Beyond the momo! Forget stereotypes, northeastern cuisine is a smorgasbord of unique ingredients, flavours and recipes
Momos may be devoured by residents from the seven sisters (and one brother), but it’s not quite a northeastern staple.
Pigeon-holing momos at the vanguard of traditional NE cuisine is akin to labelling vada pav as a Maharashtrian flagship food or idli sambar as “south Indian”.
A lot else figures higher up the food hierarchy (bharli vangi or avial, to begin with). But at least the vada pav and idli can trace their origins back to Maharashtra, and Tamil Nadu and Karnataka, respectively.
The momo took shape in Tibet. Since February 2015, Delhi-based culinary expert Sneha Saikia has been trying to dispel a rash of misconceptions among city slickers about northeastern food, including its apparent lack of palatability, as a few in a social media discussion seemed to believe.
Saikia, who is from Assam, teamed up with chef and restaurateur Karen Yepthomi who runs Dzukou, a restaurant for Nagaland cuisine in Delhi’s Hauz Khas, for a pop-up on Assamese cuisine there.
“There is a certain demographic in Delhi that is enthusiastic about exploring food from different parts of India and open to Northeast cuisine,” says Saikia who has since been doing popups at different restaurants across the NCR since then.
Yet, despite having travelled through India and studying in different schools — her father was an army man — Saikia has faced bullying because of the food that people from her native state eat.
The NE Palate
“I travel to Guwahati and my family village at least three times a year and have explored the different cuisines of my state, including the tribal fare. For my pop-up offerings, I have introduced unique ingredients from the region such as jute, cane, red-ant eggs and silkworms. I meticulously source everything from Assam to ensure quality,” she says.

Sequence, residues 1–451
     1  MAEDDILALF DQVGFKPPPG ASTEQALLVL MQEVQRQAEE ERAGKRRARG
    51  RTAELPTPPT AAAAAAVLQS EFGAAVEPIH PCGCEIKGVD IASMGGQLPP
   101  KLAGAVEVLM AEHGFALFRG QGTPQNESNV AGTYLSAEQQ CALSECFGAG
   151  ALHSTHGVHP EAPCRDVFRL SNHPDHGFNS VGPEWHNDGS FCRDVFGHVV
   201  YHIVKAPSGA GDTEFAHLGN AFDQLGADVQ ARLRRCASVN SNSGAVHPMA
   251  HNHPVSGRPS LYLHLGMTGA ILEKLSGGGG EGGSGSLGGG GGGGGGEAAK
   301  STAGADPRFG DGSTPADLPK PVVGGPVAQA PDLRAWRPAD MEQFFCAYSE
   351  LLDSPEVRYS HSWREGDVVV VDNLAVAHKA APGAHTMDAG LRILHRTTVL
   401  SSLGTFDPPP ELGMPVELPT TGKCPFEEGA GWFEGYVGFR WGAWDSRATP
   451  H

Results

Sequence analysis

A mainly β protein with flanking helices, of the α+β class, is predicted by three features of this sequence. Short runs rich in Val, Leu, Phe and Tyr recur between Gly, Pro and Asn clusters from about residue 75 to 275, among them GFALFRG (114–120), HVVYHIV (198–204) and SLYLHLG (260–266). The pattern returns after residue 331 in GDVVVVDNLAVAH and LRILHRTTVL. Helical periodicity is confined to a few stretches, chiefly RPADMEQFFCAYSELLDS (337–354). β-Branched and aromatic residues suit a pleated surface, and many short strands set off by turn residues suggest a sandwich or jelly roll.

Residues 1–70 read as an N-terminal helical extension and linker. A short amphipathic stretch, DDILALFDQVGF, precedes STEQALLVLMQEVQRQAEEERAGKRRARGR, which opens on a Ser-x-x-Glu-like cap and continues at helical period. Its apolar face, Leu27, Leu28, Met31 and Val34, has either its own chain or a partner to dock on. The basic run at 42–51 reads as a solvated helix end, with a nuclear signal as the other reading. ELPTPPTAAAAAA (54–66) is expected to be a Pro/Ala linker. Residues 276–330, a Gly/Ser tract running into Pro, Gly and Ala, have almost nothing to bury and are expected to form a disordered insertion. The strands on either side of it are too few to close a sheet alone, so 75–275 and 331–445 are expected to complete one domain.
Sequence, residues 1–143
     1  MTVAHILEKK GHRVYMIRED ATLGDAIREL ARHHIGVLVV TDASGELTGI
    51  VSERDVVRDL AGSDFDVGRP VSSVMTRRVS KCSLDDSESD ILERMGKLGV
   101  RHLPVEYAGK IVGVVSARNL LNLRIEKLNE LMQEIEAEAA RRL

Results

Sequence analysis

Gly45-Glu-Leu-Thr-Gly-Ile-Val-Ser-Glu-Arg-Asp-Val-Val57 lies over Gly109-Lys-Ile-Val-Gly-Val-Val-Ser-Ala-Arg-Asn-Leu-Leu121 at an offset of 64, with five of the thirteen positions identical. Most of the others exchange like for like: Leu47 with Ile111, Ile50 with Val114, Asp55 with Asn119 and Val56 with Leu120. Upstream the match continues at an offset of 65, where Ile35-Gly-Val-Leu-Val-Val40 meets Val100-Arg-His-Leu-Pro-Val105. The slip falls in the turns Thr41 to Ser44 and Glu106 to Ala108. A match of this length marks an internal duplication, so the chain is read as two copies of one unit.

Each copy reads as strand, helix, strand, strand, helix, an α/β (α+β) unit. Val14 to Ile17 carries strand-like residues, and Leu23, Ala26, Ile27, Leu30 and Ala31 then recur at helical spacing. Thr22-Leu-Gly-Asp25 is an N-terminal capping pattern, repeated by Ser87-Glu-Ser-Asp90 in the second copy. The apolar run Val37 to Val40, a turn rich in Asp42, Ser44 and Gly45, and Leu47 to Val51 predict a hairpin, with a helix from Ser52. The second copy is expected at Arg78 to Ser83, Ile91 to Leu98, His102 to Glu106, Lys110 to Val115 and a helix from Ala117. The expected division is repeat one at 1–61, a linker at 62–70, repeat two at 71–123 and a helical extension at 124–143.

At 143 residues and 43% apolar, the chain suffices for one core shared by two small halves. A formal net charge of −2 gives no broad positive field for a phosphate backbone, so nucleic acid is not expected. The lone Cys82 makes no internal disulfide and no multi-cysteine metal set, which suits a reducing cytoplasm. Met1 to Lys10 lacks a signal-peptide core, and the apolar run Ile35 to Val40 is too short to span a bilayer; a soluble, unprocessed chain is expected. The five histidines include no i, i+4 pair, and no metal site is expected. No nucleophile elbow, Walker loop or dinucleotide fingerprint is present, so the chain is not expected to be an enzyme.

Typically, her pop-ups are for 45-50 people, priced at Rs 1,500-Rs 2,000 per person, and include both vegetarian and non-vegetarian recipes from Assam such as bhoja maas with bhut jolokia chutney (fried small fish with a bhoot jolokia sauce); tora phool aru haanhor koni bhaji (moringa stir-fried with duck eggs); khorisa alu-pitika (mashed potato with bamboo shoots); haanh kumura (duck cooked with ash gourd) and mosur dali aru komola pitika (steamed and mashed red lentils with oranges).
Bhut jolokia aka the ghost pepper was certified the hottest chilli pepper on the planet by The Guinness World Records. It is cultivated mainly in Nagaland, Assam and Arunachal Pradesh. Like Saikia, there are others from the Northeast who have been taunted for the food they eat. “The most outrageous thing I’ve heard is: ‘Northeast mein toh kutte honge hi nahi shaayad?’ When I asked why, he said audaciously, ‘Sab toh tum log kha gaye honge.’ Even in 21st century, I’m amazed to find people who think we eat raw meat and wild leaves,” says Akum Imchen, a student from Nagaland, who is preparing for the civil services examination in Delhi. Nishi Gohain, a student from Assam, says his landlady was apprehensive about leasing out the apartment. “Before I shifted, she strictly warned me against cooking any sort of ‘weird’ meat, bamboo shoots or akhuni (fermented soyabean). She said neighbours would complain if I cooked anything that smells ‘foul’ or ‘unappetising’. Whatever that means.”
Mary Lalboi, a teacher from Manipur who moved to Delhi 15 years back to start Rosang, feels that recent debates about banning momos — which is today a favourite street food across India — is a waste of time.
“Momos represent new trends in food in metros and along with snacks from other parts of India also show that people of this country are becoming more inclusive about food and culture,” says Lalboi, who recently relaunched her restaurant in south Delhi with an expanded menu with signature dishes from all the eight northeastern states.
She feels that, rather than meats and another non-vegetarian fare, the problem that many people in Delhi have with her northeastern cuisine is the unfamiliar aromas linked to unique ingredients from the region and the process of fermentation that is an important part of the cuisine.